Impact Evaluation of MVP-SADA Northern Ghana Millennium Village

The Millennium Villages Project (MVP) was designed to demonstrate how an integrated approach to community-led development can translate the international Millennium Development Goals (MDGs) into results. The MVP approach was piloted in Kenya and Ethiopia and in 2006, reached nearly half a million people across 10 countries in sub-Sahara Africa. In 2011 the UK Department for International Development (DFID) agreed to provide a grant of £11.5 million to implement a new Millennium Village in Northern Ghana. The new MVP will run for five years from 2012 to 2016 with interventions targeting a total population of around 30,000 people.

Approach

The impact evaluation in Northern Ghana is the first independent evaluation of the MVP approach. This approach is based on the ‘poverty trap’ theory presented by Professor Jeffrey Sachs and collaborators. The poverty trap theory states that, amongst other factors, high transport costs, poor agricultural productivity and the burden of disease locks poor countries in a cycle of poverty. It argues that small investments are unlikely to yield significant benefits in the long term and what is needed is a ‘big push’ to lift poor rural communities out of poverty. A set of interventions is recommended to facilitate this ‘big push’ such as stimulating improved agricultural productivity and market development, enabling people in rural areas to save and accumulate wealth, and investing in health and family planning.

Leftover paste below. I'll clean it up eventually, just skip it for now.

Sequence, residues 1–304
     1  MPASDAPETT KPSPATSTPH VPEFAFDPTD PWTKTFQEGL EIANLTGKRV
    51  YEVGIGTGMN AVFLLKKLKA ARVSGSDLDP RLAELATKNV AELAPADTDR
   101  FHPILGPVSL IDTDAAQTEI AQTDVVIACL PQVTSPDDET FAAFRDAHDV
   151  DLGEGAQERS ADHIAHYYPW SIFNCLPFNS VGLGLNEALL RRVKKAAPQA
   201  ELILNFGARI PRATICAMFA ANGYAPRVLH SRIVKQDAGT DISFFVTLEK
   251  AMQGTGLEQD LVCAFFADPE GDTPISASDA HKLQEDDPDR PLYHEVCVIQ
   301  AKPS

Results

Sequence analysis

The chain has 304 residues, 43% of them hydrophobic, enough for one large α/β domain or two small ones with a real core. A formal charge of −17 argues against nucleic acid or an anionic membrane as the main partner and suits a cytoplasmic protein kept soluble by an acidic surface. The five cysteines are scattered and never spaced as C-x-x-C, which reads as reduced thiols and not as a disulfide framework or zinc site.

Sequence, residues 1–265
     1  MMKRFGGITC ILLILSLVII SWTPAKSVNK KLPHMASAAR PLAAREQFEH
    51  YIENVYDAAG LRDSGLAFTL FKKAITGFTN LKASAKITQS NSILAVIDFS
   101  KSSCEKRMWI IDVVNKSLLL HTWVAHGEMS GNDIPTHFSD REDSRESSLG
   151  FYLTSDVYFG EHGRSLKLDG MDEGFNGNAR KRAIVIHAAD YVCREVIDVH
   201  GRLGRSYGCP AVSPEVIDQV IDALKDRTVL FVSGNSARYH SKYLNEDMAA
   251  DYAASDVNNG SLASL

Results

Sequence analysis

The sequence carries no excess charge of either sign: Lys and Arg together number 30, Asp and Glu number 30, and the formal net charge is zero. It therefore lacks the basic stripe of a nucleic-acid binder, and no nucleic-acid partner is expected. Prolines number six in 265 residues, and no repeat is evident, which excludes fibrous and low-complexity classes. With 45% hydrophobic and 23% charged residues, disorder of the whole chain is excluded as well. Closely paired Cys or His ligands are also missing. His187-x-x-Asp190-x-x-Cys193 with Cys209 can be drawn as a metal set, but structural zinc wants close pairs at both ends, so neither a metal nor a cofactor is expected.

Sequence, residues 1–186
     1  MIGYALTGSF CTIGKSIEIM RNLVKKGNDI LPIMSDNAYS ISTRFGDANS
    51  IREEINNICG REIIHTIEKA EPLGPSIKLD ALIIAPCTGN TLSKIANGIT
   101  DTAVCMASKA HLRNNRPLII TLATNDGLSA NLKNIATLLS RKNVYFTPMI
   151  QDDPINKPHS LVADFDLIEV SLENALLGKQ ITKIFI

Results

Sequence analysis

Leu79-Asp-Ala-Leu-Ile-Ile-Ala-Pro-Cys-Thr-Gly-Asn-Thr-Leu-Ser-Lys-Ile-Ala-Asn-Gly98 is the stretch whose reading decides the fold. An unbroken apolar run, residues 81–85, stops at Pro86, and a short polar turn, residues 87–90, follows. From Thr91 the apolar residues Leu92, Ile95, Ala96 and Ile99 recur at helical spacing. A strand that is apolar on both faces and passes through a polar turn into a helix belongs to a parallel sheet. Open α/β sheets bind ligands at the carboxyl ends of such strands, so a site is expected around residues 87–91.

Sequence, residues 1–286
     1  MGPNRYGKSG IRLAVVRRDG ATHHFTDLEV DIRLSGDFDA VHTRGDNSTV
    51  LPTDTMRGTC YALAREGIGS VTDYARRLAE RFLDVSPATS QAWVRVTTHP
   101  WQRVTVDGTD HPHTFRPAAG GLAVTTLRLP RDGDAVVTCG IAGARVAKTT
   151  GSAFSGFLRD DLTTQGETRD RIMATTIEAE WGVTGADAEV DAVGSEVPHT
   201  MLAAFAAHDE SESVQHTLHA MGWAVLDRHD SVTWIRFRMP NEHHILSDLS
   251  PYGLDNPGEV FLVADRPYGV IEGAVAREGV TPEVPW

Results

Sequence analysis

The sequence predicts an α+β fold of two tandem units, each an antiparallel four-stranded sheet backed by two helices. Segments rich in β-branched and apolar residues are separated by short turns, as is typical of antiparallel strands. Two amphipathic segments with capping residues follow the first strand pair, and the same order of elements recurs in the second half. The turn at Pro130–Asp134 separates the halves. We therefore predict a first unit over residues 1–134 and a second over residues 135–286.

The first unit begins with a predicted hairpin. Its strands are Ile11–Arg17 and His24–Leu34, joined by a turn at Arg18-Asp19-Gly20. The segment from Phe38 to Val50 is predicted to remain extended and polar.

The MVP approach  has been the subject of considerable debate and received much press coverage and online interest. This scrutiny demonstrates the need for a robust, methodologically rigorous, and independent impact evaluation to analyse how the approach delivers against the MDGs. In collaboration with the Institute of Development Studies, LSHTM and PDA Ghana, we assembled an expert team with skills in impact assessment, quantitative and qualitative research methods, including participatory research and the ‘reality check’ approach.

The evaluation uses a quasi-experimental approach, with difference-in-difference (DD) to compare the change in outcomes in MVP with the same outcomes in areas not covered by the project. A number of baseline, annual and end-line surveys are conducted including: household surveys (sampling over 2,000 households), adult (male/ female) surveys, facilities surveys, village surveys, blood tests, anthropometric measurements, cognitive tests and time preference/ expectation surveys. Qualitative methods are also used to explain the impacts and particularly differential impacts on specific groups. The methods include wealth and well-being assessments, institutional assessments and mini-anthropological studies (the ‘reality checks’). The impact evaluation will also conduct a cost-effectiveness assessment.

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Key contact

Director, Technical Excellence
+44 (0)1273 915625